The National Association of Realtors, or NAR, recently released a report entitled “The ‘Double Trouble’ of the Housing Market” detailing the obstacles would-be homeowners are experiencing as we move forward into 2022. The report takes a look at not only the biggest issues facing home shoppers, like prices and inventory, but also which demographics are most affected.
The gist of it? It’s a seller’s market – as it has been for at least the last five years – but now it’s worse than ever (unless you’re a seller, that is).
Prices on the Rise
For those of you browsing Zillow in your free time, you may have noticed that home prices have spiked in the last couple of years – and not just a little.
Since 2019 alone, the average home price in America has risen a whopping 30%, according to the report. That translates to an average home price increase of nearly $80,000 – a jump few could have predicted that’s pushing many families and individuals out of the house hunt.
Rising rent costs are also an issue. With half of all renters already paying more than 30% of their income in rent, it’s no wonder the vast majority are unable to afford a home. NAR reports that for about 66% of renters, purchasing a home is off the table.
From writing heartfelt letters to sellers to completely waiving inspection fees, buyers still in the game are doing their best to make compelling offers, with little success.
Inventory in Trouble
A compounding factor to the price issue is scarce inventory. Although the housing market was already facing a shortage in pre-pandemic times, inventory reached a record low in 2021.
The United States has about 1 million different housing properties available for purchase right now, a measly 25% of the total properties listed 15 years ago. Fewer options means more competition.
Location, Location, Location
Of course, price and inventory vary by city. For homebuyers in the $50,000-$75,000 income bracket, the highest number of affordable properties rank as follows:
- Des Moines, Iowa
- Detroit, Michigan
- Augusta, Georgia
- Youngstown, Ohio
- Scranton, Pennsylvania
Buyers in the $75,000-$100,000 income bracket will face the most challenges along the west coast of California in cities such as San Jose, San Diego, Los Angeles, Ventura, and Thousand Oaks.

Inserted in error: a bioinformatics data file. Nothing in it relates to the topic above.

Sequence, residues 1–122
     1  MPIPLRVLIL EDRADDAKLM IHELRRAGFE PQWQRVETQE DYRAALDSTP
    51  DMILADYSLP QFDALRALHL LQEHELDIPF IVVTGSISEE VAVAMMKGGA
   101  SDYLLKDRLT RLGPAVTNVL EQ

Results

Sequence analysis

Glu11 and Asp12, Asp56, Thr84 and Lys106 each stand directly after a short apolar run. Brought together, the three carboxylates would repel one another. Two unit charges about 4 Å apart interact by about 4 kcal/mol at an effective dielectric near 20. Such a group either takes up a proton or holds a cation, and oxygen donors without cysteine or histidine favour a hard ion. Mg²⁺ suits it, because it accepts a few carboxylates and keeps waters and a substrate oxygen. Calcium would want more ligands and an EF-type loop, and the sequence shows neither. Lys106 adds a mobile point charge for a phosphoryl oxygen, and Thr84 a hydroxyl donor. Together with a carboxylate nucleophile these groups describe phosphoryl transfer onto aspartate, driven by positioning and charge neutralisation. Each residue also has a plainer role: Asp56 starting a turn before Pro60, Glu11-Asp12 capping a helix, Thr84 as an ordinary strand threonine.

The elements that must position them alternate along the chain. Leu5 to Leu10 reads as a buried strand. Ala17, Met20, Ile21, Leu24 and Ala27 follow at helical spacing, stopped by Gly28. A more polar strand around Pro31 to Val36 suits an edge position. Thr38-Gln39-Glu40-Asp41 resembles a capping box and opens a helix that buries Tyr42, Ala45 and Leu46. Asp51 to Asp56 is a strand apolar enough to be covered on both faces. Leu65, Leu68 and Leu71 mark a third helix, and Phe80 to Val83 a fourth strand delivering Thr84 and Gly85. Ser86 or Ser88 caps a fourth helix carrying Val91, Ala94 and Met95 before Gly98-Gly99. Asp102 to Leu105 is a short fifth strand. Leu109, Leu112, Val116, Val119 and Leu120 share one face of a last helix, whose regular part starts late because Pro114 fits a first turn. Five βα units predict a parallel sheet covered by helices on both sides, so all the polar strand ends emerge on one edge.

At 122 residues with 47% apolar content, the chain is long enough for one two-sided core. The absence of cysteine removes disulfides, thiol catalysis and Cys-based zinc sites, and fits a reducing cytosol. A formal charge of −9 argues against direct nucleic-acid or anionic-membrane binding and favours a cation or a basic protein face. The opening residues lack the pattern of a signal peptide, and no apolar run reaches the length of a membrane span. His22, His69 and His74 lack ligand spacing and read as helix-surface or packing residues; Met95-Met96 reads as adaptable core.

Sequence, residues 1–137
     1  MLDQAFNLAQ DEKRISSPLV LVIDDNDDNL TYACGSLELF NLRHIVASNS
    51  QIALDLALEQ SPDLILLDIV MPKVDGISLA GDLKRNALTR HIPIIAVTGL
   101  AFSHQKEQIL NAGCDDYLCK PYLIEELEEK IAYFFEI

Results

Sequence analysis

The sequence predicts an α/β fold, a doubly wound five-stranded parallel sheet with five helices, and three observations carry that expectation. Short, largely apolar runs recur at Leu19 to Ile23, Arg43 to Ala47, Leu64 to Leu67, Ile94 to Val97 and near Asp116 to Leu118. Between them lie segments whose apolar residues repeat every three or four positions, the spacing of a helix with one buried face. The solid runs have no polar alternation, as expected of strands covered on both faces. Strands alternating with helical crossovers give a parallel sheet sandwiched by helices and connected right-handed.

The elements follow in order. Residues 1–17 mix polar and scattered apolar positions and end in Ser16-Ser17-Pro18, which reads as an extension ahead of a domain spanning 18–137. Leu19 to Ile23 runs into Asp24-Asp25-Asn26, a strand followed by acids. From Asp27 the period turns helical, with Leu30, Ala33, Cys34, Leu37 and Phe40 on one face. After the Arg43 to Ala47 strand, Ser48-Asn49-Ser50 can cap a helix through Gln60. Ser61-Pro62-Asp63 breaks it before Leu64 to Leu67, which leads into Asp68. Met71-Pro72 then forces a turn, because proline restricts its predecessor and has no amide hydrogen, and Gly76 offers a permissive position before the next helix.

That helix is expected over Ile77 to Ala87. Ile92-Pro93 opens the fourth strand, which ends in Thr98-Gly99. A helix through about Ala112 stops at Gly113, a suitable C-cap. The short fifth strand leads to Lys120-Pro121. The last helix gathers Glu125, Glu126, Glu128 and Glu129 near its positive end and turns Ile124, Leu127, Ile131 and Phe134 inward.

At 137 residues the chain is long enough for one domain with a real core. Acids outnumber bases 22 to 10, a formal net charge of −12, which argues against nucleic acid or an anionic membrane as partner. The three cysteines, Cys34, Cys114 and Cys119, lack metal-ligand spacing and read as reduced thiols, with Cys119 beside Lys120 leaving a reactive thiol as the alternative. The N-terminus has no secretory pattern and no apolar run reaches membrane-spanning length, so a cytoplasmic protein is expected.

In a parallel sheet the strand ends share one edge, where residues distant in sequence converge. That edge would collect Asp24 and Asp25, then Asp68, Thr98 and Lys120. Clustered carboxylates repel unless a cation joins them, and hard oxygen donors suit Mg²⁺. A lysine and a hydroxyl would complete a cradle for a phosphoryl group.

An already existing racial disparity in homeownership has persisted into 2022. While white Americans have reported a 70% rate of homeownership since 2017, the rate of homeownership for Black Americans is somewhere around 40%.
This gap in affordability is linked directly to a difference in income – 35% of white households make at least $100,000 per year, while only 20% of Black households report earning that much.
Among the most affordable markets for Black households are Akron, Ohio, and Memphis, Tennessee. Meanwhile, Hispanic homebuyers will have the best luck in cities such as Toledo, Ohio, and Baltimore, Maryland.
As we’ve said before, buying a house is not particularly easy in a “normal” market (what even is normal anymore?). So hearing that the market is more competitive than it’s been in decades isn’t particularly reassuring.
If you want our takeaway: Now might be a good time to push pause on your home-buying plans and spend the next year or so saving up more for a down payment. The housing market has to cool off at some point, right?
If you want to get started on a savings plan for your house, check out Lasso. It’s an app that makes it easy to build a plan for your financial goals and get access to meaningful advice to improve upon it.
If you’re already a Lasso user, take some time to play around with your plan for your house down payment and see what another year would do for your savings.